James Arthur Lecture: The Emergence of Emotionally Modern Minds

Thursday, May 23, 2024

A woman walking, holding her infant in the air, on a bright day. Dakota Corbin/Unsplash
Why do humans take such an interest in what other humans think—and what other humans think about them?

Why are we eager to cooperate and share from an early age?

Such prosocial emotions laid the groundwork for bipedal apes in the line leading to the genus Homo to develop unprecedented levels of cooperation and food-sharing. But to get there, our ancestors must have already been more other-regarding, in this sense already “emotionally modern.”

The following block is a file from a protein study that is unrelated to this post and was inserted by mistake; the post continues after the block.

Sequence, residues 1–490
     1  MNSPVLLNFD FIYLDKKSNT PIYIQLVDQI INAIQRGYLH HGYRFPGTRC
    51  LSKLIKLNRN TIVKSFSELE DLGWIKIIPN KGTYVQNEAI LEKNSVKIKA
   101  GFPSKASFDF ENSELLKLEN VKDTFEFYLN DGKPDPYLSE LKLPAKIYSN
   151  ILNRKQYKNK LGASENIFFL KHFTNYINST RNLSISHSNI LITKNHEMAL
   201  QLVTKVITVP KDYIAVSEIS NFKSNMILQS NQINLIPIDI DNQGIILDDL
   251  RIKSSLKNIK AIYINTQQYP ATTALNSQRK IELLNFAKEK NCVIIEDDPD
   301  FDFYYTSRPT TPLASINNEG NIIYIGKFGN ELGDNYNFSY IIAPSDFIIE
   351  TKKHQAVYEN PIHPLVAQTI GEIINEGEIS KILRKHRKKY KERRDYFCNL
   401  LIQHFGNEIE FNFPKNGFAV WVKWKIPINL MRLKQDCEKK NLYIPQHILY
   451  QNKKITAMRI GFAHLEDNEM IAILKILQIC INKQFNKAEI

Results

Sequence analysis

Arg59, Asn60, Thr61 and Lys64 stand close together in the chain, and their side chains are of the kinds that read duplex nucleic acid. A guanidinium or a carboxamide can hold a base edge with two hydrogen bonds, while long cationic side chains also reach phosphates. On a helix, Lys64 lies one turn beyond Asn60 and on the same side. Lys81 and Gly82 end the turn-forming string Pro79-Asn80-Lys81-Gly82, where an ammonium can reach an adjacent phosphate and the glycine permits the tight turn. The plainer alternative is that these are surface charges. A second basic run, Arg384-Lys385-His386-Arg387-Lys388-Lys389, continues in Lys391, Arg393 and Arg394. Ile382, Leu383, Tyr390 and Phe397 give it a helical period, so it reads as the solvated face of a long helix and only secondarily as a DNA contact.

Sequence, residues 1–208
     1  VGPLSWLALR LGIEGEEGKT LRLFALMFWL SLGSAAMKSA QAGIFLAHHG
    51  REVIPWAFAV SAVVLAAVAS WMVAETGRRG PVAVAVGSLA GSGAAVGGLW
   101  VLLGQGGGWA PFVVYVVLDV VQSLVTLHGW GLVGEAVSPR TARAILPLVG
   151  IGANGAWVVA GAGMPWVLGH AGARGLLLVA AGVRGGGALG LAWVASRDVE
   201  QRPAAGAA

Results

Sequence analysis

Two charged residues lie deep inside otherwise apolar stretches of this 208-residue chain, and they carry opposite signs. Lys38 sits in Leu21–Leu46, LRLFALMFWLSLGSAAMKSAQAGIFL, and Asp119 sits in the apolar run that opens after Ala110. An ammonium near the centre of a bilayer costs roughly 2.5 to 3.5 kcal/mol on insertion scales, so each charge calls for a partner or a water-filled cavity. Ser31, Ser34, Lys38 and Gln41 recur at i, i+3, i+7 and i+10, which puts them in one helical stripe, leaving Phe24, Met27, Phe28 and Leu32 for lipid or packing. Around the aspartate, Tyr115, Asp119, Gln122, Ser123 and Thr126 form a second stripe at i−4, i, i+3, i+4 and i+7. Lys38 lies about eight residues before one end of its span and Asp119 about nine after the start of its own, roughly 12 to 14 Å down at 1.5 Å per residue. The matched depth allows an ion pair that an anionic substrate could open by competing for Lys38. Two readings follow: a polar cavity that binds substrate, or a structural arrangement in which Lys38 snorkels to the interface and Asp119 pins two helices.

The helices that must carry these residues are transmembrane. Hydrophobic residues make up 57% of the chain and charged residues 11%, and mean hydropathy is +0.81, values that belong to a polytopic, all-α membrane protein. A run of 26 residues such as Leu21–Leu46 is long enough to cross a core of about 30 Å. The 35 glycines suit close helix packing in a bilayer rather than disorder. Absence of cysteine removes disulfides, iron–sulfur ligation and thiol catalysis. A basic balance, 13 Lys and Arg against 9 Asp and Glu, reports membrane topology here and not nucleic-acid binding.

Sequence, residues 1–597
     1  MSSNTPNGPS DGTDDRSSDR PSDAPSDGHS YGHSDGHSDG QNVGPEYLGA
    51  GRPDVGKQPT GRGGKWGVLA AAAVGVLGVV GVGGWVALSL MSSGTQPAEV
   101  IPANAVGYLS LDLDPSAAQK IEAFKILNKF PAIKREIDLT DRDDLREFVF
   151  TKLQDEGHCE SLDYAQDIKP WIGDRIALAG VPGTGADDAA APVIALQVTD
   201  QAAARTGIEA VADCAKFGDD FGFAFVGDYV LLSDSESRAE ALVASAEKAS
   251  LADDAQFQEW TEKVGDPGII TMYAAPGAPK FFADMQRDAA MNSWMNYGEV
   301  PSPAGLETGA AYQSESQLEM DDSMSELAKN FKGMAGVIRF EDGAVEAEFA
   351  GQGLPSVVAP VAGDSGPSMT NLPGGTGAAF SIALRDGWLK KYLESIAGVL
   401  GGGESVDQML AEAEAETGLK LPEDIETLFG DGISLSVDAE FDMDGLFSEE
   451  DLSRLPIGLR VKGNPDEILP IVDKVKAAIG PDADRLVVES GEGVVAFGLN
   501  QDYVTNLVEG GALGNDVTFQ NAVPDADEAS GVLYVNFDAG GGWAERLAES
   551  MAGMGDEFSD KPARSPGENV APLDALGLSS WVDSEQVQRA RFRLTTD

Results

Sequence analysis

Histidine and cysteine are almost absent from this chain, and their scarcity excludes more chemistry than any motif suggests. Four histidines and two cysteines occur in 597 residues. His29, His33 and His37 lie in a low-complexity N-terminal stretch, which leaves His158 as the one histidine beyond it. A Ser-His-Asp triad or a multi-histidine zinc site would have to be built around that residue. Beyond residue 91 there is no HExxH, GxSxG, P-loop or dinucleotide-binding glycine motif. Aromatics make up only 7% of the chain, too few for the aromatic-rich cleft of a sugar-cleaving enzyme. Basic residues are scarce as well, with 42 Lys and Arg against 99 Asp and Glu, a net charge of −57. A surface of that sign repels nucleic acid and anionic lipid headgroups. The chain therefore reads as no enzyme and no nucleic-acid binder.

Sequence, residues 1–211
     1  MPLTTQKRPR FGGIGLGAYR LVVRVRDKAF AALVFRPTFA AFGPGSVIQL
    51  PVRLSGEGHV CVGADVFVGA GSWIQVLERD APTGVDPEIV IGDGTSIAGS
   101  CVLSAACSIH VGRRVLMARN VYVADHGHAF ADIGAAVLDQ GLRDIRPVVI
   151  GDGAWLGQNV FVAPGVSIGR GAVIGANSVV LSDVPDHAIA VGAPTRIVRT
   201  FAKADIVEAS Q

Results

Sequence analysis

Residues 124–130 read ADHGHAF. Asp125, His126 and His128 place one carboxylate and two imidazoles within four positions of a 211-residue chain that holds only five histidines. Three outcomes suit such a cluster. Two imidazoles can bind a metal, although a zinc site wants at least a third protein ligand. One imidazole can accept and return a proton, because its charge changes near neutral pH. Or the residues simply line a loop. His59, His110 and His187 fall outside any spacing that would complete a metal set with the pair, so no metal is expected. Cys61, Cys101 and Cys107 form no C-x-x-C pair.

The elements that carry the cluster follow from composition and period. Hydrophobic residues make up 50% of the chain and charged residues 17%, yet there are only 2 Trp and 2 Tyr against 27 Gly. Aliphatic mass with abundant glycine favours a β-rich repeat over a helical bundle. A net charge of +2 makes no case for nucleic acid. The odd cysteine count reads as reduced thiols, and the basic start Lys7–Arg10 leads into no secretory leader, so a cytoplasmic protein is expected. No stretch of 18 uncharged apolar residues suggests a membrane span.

In this 93rd James Arthur Lecture, Sarah Blaffer Hrdy, evolutionary anthropologist and primatologist and author of Father Time: A Natural History of Men and Babies, will highlight the role infancy played in the evolution of big brains and our distinctively human prefrontal cortex, drawing on new information from behavioral ecology, developmental psychology, and social neuroscience.